Public Release: 

Jefferson Scientists define new cell type that may lead to clues about Kaposi's sarcoma

Thomas Jefferson University

For years, the origin of Kaposi's sarcoma (KS), a rare cancer that sometimes afflicts those infected with HIV, the AIDS virus, has puzzled researchers. Now, pathologists at Jefferson Medical College may be uncovering some of its secrets.

George Murphy, M.D., professor of pathology at Jefferson Medical College of Thomas Jefferson University in Philadelphia, and Masatoshi Deguchi, M.D., visiting scientist from Tohuku University in Sendai, Japan, have created a mouse model that resembles an early form of KS. To accomplish this, they have grown and characterized a line of mouse skin cells in the laboratory that they believe are analogous to the cells that go awry early on in human KS.

The type of cell, termed a "dermal dendrocyte," increases dramatically in number in tumors in early human KS, he says. When Dr. Murphy and his co-workers injected the dermal dendrocytes directly into normal mouse skin, the injected areas developed features similar to human KS.

The findings may lead to insights into the origins of other diseases, such as scleroderma, abnormal wound healing and a chronic form of graft-versus-host-disease involved in bone marrow transplantation.

Dr. Murphy and his group report their findings November 1 in the American Journal of Pathology.

According to Dr. Murphy, KS usually begins as one of many bruise-like areas on the skin that develops over time into tumors. KS may also affect internal organs, particularly in AIDS, and may be fatal.

Dermal dendrocytes - which have been known to exist only since 1985 - may play roles in wound healing or in the immune system. There is evidence for both.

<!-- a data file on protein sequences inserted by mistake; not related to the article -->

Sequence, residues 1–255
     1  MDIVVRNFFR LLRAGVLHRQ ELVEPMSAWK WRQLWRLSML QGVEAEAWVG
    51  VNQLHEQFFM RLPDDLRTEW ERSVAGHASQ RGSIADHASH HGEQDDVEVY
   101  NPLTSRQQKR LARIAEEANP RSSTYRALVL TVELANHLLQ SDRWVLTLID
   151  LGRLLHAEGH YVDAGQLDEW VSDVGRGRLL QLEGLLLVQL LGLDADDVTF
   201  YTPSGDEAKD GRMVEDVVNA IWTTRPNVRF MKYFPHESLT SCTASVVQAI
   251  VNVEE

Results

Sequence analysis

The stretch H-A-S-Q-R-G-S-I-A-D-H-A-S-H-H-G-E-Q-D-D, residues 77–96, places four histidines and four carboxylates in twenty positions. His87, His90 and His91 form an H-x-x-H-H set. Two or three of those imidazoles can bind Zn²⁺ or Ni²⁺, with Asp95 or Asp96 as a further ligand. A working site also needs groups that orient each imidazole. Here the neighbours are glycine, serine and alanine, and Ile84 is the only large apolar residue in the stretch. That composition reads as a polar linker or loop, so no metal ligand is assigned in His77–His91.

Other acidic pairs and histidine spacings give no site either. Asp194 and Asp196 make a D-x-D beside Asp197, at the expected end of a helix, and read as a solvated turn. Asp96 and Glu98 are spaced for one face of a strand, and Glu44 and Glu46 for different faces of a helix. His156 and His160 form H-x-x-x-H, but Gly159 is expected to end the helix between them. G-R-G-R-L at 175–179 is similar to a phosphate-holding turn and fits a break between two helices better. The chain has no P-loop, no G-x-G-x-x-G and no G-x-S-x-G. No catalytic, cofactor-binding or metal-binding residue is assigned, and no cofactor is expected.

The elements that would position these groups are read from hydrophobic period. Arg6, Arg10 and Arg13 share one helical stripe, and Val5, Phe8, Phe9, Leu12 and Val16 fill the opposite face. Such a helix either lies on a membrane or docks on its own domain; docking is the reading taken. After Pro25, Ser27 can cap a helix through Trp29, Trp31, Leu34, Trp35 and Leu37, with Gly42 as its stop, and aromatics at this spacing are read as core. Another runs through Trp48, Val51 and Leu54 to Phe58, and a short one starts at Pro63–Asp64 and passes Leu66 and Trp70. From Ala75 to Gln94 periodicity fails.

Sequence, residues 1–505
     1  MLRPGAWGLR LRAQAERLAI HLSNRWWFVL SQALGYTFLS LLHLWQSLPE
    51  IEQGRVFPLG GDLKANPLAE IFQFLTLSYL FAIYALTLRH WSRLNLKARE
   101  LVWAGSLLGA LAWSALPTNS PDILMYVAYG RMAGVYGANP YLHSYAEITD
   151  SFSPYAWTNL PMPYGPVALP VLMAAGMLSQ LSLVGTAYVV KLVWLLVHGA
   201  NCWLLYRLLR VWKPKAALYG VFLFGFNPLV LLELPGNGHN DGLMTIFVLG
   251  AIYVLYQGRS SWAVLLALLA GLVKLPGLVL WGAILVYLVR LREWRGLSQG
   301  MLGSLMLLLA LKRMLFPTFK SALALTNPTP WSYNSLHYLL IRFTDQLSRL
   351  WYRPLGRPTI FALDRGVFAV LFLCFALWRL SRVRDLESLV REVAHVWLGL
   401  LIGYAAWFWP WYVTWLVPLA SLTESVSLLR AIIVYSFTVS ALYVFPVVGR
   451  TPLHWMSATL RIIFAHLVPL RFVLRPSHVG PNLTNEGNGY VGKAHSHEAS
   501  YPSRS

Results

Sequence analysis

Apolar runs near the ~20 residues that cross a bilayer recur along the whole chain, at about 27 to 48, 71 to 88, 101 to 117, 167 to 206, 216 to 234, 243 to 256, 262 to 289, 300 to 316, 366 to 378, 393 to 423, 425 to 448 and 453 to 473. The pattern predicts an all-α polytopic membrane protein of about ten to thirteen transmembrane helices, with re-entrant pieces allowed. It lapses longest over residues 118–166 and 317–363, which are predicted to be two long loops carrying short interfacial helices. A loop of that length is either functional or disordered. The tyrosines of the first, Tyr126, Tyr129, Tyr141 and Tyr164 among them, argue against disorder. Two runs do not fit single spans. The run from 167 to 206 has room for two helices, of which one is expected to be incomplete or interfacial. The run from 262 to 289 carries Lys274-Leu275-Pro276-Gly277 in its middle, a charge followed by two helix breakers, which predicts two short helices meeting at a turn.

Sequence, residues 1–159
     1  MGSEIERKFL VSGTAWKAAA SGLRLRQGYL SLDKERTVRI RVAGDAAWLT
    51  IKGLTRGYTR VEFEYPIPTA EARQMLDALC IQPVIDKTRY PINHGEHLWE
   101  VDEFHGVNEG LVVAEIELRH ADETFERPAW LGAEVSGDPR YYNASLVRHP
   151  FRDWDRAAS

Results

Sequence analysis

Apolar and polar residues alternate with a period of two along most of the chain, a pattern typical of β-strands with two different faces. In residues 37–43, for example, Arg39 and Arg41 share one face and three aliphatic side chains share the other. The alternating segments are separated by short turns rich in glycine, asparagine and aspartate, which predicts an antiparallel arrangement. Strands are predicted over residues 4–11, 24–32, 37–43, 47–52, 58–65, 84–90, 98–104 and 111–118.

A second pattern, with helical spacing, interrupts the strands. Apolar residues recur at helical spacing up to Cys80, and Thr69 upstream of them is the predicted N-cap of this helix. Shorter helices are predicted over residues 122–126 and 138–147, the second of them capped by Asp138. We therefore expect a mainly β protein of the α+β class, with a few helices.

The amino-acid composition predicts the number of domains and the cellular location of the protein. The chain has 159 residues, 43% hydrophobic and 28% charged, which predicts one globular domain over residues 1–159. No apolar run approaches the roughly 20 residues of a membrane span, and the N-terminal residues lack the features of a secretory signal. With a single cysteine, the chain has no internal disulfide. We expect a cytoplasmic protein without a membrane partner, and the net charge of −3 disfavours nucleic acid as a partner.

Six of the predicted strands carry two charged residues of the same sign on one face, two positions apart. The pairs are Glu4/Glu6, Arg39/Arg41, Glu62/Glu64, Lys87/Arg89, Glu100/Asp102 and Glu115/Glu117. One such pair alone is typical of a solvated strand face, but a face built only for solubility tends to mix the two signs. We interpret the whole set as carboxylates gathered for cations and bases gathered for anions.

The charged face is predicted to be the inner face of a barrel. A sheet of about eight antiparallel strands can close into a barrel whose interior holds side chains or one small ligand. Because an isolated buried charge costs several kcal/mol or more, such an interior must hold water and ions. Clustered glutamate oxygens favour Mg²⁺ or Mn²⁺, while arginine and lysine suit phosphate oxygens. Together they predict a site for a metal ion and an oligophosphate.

"It's interesting that in AIDS, it is occurring in the setting of immune disease, and involves an immune cell proliferating abnormally," he says. What's more, "KS can occur in areas of trauma," he says, "and a wound healing cell might be proliferating abnormally" in such conditions.

When the dermal dendrocyte was first discovered in 1985, scientists found that the cell type contained a blood clotting factor. One explanation for this might be that the cell secretes the clotting factor to help form initial blood clots after injury and begin the healing process.

"The problem of understanding the biology and pathogenesis of KS and the dermal dendrocytes is that we've never had a purified cell line to study until now," Dr. Murphy. "Now we have a cell line that is purified and expresses a blood clotting factor."

"We now have an important tool to study KS not only experimentally because we have the early cell that we think contributes to the pathogenesis of the disease," he says. "We also have the cell that we could never study in a purified manner before that might have a lot to do with abnormal wound healing and diseases such as scleroderma. It opens up a new area of inquiry."

"It's a potential mouse model for KS," Dr. Murphy says. "What are missing are the other co-factors that would lead the evolution of the early lesion to the late lesion that kills patients." These could include immunodeficiency, HIV or other viruses such as herpesvirus-8, which has been found in KS.

"Now, the mouse model that we have established can be studied by introducing these other factors and see if they can induce these early lesions to behave like the natural history of the human lesion."

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Contact: Steve Benowitz or Phyllis Fisher
215-955-6300
steven.benowitz@jefferson.edu
After Hours: 215-955-6060

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